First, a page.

“It has been found that the less an advertisement looks like an advertisement, and the more it looks like an editorial, the more readers stop, look, and read.” – David Ogilvy
I always appreciate the business owner who “gets it” when it comes to marketing. Especially a local business owner, who’s in the game every day, trying to get attention, get response, get results.
This past week, I was perusing the local paper and came across this pretty decent example of an advertorial (click to see larger version).
In case you are not familiar with advertorials, they are advertisements designed to look like articles in the publication, with the intent of catching the readers’ eyes by not looking like every other add in the publication.
Advertorials have been around for decades and I’ve put together a mini advertorial swipe file of a few examples I’ve collected over the years. You can download it here. If you peruse through these examples, you’ll see a few strategies you should use when creating your own advertorials, including:
- Making it look like a news item or article
- Setting headline like a newspaper headline
- Setting the copy in newspaper type
- Creating it in same style as the publication
- No logos or blatant images that screen “this is an ad!”
- Having a clear call to action
Let’s go back to the Buckley’s Pest Service ad and let me point out several smart things they did in this advertorial (I am then going to ask you to find the one area they could instantly improve this advertorial).
- Good article-style headline in a big, bold font
- Decent use of a photo and caption, however given the context of this article, they probably could have used a more dramatic photo – maybe of termites eating through a house or something like that. But they still get a B for use of a photo and caption.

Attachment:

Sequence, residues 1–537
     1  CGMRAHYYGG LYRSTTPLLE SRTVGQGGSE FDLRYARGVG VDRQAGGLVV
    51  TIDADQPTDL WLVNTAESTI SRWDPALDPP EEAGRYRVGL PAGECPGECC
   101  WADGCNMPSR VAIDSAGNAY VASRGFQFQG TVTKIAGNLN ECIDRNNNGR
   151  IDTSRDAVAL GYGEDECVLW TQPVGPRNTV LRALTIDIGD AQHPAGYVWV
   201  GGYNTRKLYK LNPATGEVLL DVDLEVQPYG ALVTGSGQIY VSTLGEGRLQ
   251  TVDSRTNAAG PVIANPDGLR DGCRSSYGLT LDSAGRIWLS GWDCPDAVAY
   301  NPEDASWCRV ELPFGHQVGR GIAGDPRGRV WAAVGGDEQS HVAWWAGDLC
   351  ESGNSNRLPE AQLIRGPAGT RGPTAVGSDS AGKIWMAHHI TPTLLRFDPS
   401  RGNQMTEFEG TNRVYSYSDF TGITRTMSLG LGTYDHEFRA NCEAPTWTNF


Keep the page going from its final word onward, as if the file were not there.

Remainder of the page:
- Nice use of a “pull quote.” This is a copy cosmetic technique where you “pull” an important key phrase, sentence or quote found in the body copy and make it stand out.
- “Sounds like an article.” The copy is written in such a way that it sounds like a third-party article.
- As with most advertorials, the publication requires the “ADVERTISEMENT” signification to make sure readers are aware it’s an ad.
Overall, a very good example of a local business owner using a time-tested marketing strategy to get attention and get response.
However, there is one weak area that stands out dramatically in my opinion. Something that could easily be fixed in a few seconds and I guarantee response would increase. Do you know what it is? Leave your ideas below and the first person and the fifth person to get the right answer will a digital copy of my Response Boosting Profit Secrets book where I show smart strategies like advertorials and much more for creating stand out marketing.
UPDATE: We have our winners!
Congratulations to Michael Singer and Chris Dysart who were the first and fifth person to get the answer I was looking for (as did many others). Overall, I was impressed with the different insights in the comments below, but the one thing I was looking for was improving the call-to-action. The advertorial above does a good job of getting attention and it reads well, but the call-to-action is weak. It sounds like any other pest control company and doesn’t give me any real reason or urgency to contact them now. This stumbling at the one-yard line is very typical and something we ALL must avoid. Create strong, compelling reasons for somebody to take action – NOW.
Compare the advertorial above to this one here and see the difference in the call-to-action. Click on the image to bring up a larger version.